Authors: Mohammed Ziaul Haider
Addresses: Economics Discipline, Khulna University, Khulna – 9208, Bangladesh
Abstract: This study conducted a cost-benefit analysis of shrimp farming in the south-west coastal region of Bangladesh. It finds a cost-benefit ratio of 0.77-0.88 for secondary dataset and 0.58-0.80 for primary dataset. The ratio increases for incorporating costs for household-level cooking-fuel, drinking water collection and such other indirect costs originated from shrimp farming intervention. In contrast, the ratio remains within 0.30-0.63 when only the direct cost and benefit components are considered and this is what the farmers usually observe and consider in farm-level decision-making. Therefore, farming decisions undermine invisible and unaccounted costs. The dilemma of higher visible economic return vs. invisible indirect costs of shrimp farming needs to be handled carefully through information dissemination among farmers regarding associated direct and indirect costs and benefits, establishing a clear set of rules, regulations and enabling policy and finally let the stakeholders to take final farming decisions which might facilitate sustainable practices for shrimp farming.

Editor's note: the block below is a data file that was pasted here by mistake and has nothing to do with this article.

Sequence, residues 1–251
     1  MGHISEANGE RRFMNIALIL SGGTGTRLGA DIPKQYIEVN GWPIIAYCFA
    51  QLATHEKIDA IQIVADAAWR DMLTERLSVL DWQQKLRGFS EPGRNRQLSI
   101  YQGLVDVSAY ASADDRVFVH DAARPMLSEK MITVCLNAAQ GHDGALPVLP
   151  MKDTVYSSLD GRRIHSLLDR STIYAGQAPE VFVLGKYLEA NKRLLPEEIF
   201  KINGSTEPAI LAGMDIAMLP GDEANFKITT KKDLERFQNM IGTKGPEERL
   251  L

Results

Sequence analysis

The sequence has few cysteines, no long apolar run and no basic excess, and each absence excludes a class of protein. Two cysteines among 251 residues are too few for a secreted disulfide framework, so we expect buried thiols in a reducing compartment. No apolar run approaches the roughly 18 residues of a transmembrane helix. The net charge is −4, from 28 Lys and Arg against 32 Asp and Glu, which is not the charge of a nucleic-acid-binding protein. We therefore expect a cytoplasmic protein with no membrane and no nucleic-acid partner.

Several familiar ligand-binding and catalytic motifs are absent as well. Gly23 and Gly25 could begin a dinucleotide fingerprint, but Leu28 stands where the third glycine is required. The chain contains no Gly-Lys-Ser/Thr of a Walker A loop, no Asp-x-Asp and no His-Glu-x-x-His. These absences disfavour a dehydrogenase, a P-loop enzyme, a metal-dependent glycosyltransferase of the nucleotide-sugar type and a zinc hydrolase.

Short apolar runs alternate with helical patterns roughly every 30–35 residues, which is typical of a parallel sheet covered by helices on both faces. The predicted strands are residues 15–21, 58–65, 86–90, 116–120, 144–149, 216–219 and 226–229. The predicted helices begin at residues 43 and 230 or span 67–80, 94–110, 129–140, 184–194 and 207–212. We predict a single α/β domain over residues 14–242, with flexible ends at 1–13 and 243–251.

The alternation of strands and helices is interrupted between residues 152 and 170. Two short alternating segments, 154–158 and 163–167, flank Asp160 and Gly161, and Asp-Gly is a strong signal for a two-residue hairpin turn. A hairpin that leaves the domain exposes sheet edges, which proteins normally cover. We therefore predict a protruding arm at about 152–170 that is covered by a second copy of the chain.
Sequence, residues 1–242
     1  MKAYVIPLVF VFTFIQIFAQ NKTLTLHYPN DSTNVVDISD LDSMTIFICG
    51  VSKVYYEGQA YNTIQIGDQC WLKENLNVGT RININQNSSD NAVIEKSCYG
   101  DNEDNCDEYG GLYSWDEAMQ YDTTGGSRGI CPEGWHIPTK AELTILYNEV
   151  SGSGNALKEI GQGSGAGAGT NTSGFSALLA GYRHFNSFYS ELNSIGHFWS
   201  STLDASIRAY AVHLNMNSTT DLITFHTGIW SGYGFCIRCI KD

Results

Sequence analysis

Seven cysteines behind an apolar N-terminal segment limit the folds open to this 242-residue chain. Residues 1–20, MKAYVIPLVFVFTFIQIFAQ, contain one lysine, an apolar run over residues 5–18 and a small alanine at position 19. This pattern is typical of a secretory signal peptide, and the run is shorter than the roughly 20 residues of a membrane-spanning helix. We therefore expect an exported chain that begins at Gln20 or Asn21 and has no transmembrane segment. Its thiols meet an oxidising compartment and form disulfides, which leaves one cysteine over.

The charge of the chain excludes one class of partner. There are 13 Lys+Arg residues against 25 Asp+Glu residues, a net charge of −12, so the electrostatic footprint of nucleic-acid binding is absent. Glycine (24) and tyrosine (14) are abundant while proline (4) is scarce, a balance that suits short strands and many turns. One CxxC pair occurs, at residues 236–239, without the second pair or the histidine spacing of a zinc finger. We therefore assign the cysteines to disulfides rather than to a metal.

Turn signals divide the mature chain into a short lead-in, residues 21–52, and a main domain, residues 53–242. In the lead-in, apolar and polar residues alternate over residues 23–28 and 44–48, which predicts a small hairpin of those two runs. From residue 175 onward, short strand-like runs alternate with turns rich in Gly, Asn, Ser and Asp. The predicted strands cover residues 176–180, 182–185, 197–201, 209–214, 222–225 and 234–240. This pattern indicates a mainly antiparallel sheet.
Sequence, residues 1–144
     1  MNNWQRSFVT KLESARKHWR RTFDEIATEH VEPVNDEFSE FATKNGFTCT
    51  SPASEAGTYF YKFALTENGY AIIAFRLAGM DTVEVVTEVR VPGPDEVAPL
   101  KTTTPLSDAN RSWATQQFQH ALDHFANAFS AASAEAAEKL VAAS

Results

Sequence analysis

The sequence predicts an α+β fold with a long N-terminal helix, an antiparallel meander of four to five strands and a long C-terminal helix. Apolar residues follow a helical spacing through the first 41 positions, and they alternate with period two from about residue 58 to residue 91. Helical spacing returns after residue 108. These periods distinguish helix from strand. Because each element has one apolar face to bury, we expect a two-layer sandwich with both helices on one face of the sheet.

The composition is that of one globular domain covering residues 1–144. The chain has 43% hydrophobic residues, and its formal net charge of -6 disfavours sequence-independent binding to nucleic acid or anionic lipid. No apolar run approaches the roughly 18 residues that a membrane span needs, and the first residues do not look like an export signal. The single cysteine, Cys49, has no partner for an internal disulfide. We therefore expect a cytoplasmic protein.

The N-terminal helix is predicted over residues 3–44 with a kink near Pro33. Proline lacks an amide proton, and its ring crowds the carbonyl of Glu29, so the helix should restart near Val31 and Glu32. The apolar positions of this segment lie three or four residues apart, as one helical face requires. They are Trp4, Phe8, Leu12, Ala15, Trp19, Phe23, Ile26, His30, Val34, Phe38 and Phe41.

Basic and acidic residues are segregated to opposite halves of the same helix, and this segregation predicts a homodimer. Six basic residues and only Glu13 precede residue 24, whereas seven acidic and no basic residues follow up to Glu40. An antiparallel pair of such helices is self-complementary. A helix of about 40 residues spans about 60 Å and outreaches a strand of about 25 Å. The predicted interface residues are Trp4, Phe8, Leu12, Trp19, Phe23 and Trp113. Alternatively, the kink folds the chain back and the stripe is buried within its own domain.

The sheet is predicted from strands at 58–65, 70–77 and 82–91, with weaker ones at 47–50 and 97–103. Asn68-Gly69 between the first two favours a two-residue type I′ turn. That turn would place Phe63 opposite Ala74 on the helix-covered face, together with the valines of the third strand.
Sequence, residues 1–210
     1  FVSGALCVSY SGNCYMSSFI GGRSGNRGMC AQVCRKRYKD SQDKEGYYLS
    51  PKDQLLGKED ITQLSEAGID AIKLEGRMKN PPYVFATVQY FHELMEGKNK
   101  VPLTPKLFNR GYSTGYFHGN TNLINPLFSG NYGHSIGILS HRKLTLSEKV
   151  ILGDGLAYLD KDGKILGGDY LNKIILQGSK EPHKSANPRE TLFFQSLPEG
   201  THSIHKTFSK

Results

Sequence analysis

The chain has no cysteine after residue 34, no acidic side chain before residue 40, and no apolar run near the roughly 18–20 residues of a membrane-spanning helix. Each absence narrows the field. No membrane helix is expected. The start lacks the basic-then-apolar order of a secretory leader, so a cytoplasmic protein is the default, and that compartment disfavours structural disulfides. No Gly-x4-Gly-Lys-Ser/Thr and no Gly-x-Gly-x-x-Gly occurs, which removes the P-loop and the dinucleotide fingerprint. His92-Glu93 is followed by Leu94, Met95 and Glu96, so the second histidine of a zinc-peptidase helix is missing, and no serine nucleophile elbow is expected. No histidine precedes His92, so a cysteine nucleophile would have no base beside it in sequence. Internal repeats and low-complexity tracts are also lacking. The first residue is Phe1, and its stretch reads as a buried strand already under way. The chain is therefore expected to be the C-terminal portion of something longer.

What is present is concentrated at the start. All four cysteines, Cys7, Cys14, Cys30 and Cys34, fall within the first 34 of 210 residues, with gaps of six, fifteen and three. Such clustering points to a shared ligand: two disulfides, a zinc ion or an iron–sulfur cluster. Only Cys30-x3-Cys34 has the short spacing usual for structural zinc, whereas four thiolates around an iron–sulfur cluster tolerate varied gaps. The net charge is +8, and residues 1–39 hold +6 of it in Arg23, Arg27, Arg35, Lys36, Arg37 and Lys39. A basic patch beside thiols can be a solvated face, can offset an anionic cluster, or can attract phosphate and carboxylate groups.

Keywords: shrimp cultivation; externality; Bangladesh; cost-benefit analysis; CBA; shrimp farming; indirect costs; direct costs; information dissemination.
International Journal of Environment and Sustainable Development, 2015 Vol.14 No.4, pp.315 - 331
Available online: 12 Jul 2015Full-text access for editors Access for subscribers Purchase this article Comment on this article